Over the past few days, public outcry has reached its peak in reaction to Ryan Moats' recent altercation with a Dallas police officer, while Moats and his family were desperately trying to reach his dying mother-in-law in the hospital.
I might find myself on an isolated island on this one, based on the reactions I have seen on TV, in the newspapers, and on talk radio shows. In my eyes, of course officer Robert Powell was in the wrong when he didn't know when to call it quits, and allow Moats and his family to enter the hospital.
For that, he should admit fault.
Where I find issue with all of this is part of what I think is wrong with America today. Police officers, who we as a public have entrusted with protecting our society and enforcing the law, have come under intense scrutiny in recent memory.
And typically, the American public refuses to see things through the officer's eyes before passing judgment.
Police brutality is a hot topic, and far too often when a police officer enacts force, the general public reacts harshly toward the officer.
Does the average person truly understand how challenging it is to be a police officer, needing to maintain a respected level of authority while simultaneously tip toeing the line of being a "nice [guy]"?
I don't believe so. In fact, I think the average American takes officers of the law for granted, and jumps at the opportunity to criticize these hard working men and women at the drop of a hat.
Officer Robert Powell was undoubtedly following police procedures on the night of Mar. 17, when he attempted to pull over the vehicle Moats was operating, due to Moats running a red traffic light.
I have not read the Dallas Police Department's written procedures recently, but I am assuming that it must instruct officers to stop a car if it passes through a red traffic signal. I don't think it's far fetched to make that assumption.
If we take things one step further, if a police officer attempts to pull over a vehicle which illegally passed through a red traffic signal, and the vehicle continues driving thereby disrespecting the police officer's authority, I think any rational individual would understand if the officer grew irritated and suspicious at this activity.
I am in support of Officer Powell up until the point where a nurse came out of the hospital, and informed police that Moats' mother-in-law was in the process of dying. It is then that my support withdraws.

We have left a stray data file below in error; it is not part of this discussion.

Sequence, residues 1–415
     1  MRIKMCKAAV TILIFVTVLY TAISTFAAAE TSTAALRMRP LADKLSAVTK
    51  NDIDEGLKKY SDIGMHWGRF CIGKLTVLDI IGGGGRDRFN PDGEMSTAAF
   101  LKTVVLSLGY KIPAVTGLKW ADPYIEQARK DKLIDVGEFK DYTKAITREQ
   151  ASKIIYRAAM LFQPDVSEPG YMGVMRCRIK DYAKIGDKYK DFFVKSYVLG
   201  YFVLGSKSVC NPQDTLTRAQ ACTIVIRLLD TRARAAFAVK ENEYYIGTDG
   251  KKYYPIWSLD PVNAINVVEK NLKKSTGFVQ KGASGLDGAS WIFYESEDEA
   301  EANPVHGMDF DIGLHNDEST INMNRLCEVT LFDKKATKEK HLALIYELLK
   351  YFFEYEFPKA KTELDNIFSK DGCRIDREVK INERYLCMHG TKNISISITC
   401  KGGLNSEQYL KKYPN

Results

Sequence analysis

In spite of disagreeing with Powell's decision to continue after the nurse informed him of the situation, I can still step back and objectively understand what was going through Powell's head during the pursuit and ensuing confrontation.
It is with some shock that I've read the reaction of fellow police officers in Powell's department, and the Dallas Police Chief, as they have done nothing to stand by their fellow officer.
I find that a bit outrageous, certainly demotivating to fellow officers, and encouraging of similar questioning of police officers by the general public.
Had the occupants of the Moats vehicle remained inside the vehicle, and calmly and respectfully spoke to Officer Powell, perhaps this could have been avoided. I believe Powell was performing routine procedures to determine the situation, before allowing the law breaking Moats to move on.
Upon reviewing the videos taken from Powell's cruiser, Powell makes this very clear during the altercation with Moats.
“I understand what you’re saying. I’d rather you get up there...Next time you do this, you stop, you tell whoever it is what’s going on, more than likely they’re going to check you real quick and let you go about your way. Alright? That’s better than doing all this.”
As any average American knows, if you follow the proper protocol when a police car is behind you with its lights on and during the ensuing traffic stop, your odds of being treated fairly escalate infinitely. It appears as though the Moats family was not aware of this protocol.
Powell: "I turned my red and blues on as you were going over the bridge. This is when you stop."
Moats: "You think I'm gonna stop when my wife's mother is dying?"